New Delhi, Aug. 21: Top finance ministry officials are privately admitting that the import duty hikes and liquidity measures taken to calm the forex markets may not yield the desired result.
Around $14 billion has been pulled out by overseas investors since March this year, lowering the forex reserves to $278.67 billion as on August 9 from $292.65 billion in March this year.
The free fall of the rupee and the capital control measures announced by the RBI are expected to scare away more short-term investors from the domestic market.
Officials said a strong measure would be to offer NRI bonds through PSU banks.
“We had calculated that banks can mop up $1 billion by offering up to 1 per cent more on foreign currency NRI deposits. Bankers tell us the figure could go up to $1.5 billion. But that may be the maximum. If we need more, an NRI bond offering 7-8 per cent return is the answer. However such a move is costly for the banks and that is why we are hesitant from giving the medicine the forex markets seem to be asking for,” said economists at North Block.
In 1999 and 2001, the rupee was propped up through bond issues by the SBI. However, this move is being opposed by the SBI, which is trying to strengthen its balance sheet, affected by rising bad loans.
The markets are not willing to accept the North Block’s calculations suggesting that India may end the year with $5 billion extra in its forex reserves.
Deutsche Bank in a note today said the rupee might touch the 70-mark against the dollar within a month. Punters in rupee futures in Dubai, Singapore and London also seem to agree, according to market sources.
A chief forex dealer with a state-run bank in Mumbai said unless US Treasury yields start reducing, “there is little respite for the rupee… this fall will continue as will the mayhem on the BSE and in the Indian bond markets”.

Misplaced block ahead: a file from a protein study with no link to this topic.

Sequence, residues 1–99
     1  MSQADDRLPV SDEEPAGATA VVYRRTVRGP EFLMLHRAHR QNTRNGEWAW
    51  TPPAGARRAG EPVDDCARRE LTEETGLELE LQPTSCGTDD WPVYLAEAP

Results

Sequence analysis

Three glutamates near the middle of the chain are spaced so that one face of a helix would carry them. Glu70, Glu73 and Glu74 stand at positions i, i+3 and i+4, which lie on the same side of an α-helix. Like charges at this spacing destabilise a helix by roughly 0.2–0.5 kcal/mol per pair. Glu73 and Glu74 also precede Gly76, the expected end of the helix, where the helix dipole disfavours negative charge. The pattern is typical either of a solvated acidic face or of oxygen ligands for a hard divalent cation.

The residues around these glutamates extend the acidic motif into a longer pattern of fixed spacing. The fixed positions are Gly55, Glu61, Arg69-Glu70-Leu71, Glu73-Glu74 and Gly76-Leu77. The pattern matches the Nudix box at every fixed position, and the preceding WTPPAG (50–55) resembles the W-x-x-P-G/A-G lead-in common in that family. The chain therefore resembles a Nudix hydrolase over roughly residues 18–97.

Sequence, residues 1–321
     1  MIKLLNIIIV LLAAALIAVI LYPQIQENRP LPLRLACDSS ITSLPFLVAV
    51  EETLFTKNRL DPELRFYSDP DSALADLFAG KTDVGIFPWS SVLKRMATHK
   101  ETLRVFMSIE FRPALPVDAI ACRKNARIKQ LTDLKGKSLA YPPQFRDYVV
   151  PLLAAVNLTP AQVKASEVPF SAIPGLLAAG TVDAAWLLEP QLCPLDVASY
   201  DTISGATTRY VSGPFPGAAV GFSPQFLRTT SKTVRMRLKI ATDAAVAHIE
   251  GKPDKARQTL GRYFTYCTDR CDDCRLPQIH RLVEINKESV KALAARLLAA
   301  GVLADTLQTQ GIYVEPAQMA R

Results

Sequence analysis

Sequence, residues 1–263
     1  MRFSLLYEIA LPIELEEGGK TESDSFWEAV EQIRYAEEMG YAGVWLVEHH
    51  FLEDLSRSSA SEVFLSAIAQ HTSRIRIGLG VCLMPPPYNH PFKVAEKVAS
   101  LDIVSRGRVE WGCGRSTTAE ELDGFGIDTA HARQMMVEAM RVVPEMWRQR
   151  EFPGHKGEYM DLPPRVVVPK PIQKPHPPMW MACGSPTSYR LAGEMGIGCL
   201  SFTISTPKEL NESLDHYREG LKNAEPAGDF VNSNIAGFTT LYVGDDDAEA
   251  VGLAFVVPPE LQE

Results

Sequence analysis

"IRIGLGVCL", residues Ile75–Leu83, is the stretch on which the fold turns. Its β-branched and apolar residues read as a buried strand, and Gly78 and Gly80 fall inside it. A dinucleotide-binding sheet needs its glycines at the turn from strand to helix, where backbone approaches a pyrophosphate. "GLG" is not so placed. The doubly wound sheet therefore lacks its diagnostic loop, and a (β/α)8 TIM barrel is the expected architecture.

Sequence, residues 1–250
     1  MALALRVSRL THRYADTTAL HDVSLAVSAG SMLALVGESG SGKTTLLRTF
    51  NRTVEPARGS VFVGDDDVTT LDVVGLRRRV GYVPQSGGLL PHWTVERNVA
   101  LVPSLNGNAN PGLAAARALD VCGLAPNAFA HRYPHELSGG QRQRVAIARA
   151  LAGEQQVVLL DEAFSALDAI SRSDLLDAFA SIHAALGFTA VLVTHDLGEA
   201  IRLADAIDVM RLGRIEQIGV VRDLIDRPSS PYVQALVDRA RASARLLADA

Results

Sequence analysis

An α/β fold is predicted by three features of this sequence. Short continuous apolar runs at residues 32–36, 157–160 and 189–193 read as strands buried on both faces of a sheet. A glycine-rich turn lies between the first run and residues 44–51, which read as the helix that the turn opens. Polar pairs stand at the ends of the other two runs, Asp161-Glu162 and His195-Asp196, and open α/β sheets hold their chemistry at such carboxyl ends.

“Forex markets see the measures announced by the North Block (import tax hikes, PSU firms borrowing money and NRI deposit rates being raised) as too little, too late. They also add to the rupee woes the political uncertainity and feel the rupee is bound to continue falling,” the dealer added.
Internal notes prepared by foreign exchange brokerages speculate that the currency crisis, which could fuel another bout of inflation in India by raising oil prices, could result in the general elections, which are scheduled for early next year, being brought forward.
“All this means they (foreign speculators in Indian currency) add political risks to their perception of a weakening rupee and are betting that the rupee will fall to lower levels,” said finance ministry officials.
Singapore bank DBS today said the latest RBI move to ease liquidity should not be construed as a drawback of its tightening stance, but as a measure to keep the government’s borrowing cost under check and give succour to banks.